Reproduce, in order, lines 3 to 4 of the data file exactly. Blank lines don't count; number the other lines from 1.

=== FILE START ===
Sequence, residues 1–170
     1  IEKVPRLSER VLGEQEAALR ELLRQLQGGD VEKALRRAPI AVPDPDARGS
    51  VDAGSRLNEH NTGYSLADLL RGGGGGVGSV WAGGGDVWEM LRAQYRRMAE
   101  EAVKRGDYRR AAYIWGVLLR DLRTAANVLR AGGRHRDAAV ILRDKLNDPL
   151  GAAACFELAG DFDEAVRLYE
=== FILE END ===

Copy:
    51  VDAGSRLNEH NTGYSLADLL RGGGGGVGSV WAGGGDVWEM LRAQYRRMAE
   101  EAVKRGDYRR AAYIWGVLLR DLRTAANVLR AGGRHRDAAV ILRDKLNDPL